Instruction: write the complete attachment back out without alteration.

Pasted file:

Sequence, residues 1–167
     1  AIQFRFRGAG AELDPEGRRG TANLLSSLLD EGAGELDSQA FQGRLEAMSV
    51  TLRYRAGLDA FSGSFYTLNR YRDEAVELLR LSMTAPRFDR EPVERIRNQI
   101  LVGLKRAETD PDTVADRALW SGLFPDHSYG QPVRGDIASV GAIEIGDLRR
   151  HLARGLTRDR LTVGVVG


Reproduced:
Sequence, residues 1–167
     1  AIQFRFRGAG AELDPEGRRG TANLLSSLLD EGAGELDSQA FQGRLEAMSV
    51  TLRYRAGLDA FSGSFYTLNR YRDEAVELLR LSMTAPRFDR EPVERIRNQI
   101  LVGLKRAETD PDTVADRALW SGLFPDHSYG QPVRGDIASV GAIEIGDLRR
   151  HLARGLTRDR LTVGVVG